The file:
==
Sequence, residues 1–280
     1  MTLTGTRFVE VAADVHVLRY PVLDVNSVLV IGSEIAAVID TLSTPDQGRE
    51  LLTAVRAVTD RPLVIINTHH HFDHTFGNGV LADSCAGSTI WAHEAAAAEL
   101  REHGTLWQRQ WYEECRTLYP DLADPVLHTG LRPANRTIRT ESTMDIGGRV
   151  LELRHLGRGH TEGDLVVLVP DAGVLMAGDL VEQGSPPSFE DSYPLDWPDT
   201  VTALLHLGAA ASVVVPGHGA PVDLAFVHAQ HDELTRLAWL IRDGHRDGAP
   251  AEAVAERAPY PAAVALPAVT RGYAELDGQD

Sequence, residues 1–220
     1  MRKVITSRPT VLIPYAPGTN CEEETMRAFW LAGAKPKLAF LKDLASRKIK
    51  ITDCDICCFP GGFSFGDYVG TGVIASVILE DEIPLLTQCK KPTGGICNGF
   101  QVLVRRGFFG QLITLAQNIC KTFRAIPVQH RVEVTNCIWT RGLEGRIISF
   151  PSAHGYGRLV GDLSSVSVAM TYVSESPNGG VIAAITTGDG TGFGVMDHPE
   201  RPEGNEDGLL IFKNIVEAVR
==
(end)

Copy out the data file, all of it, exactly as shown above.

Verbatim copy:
Sequence, residues 1–280
     1  MTLTGTRFVE VAADVHVLRY PVLDVNSVLV IGSEIAAVID TLSTPDQGRE
    51  LLTAVRAVTD RPLVIINTHH HFDHTFGNGV LADSCAGSTI WAHEAAAAEL
   101  REHGTLWQRQ WYEECRTLYP DLADPVLHTG LRPANRTIRT ESTMDIGGRV
   151  LELRHLGRGH TEGDLVVLVP DAGVLMAGDL VEQGSPPSFE DSYPLDWPDT
   201  VTALLHLGAA ASVVVPGHGA PVDLAFVHAQ HDELTRLAWL IRDGHRDGAP
   251  AEAVAERAPY PAAVALPAVT RGYAELDGQD

Sequence, residues 1–220
     1  MRKVITSRPT VLIPYAPGTN CEEETMRAFW LAGAKPKLAF LKDLASRKIK
    51  ITDCDICCFP GGFSFGDYVG TGVIASVILE DEIPLLTQCK KPTGGICNGF
   101  QVLVRRGFFG QLITLAQNIC KTFRAIPVQH RVEVTNCIWT RGLEGRIISF
   151  PSAHGYGRLV GDLSSVSVAM TYVSESPNGG VIAAITTGDG TGFGVMDHPE
   201  RPEGNEDGLL IFKNIVEAVR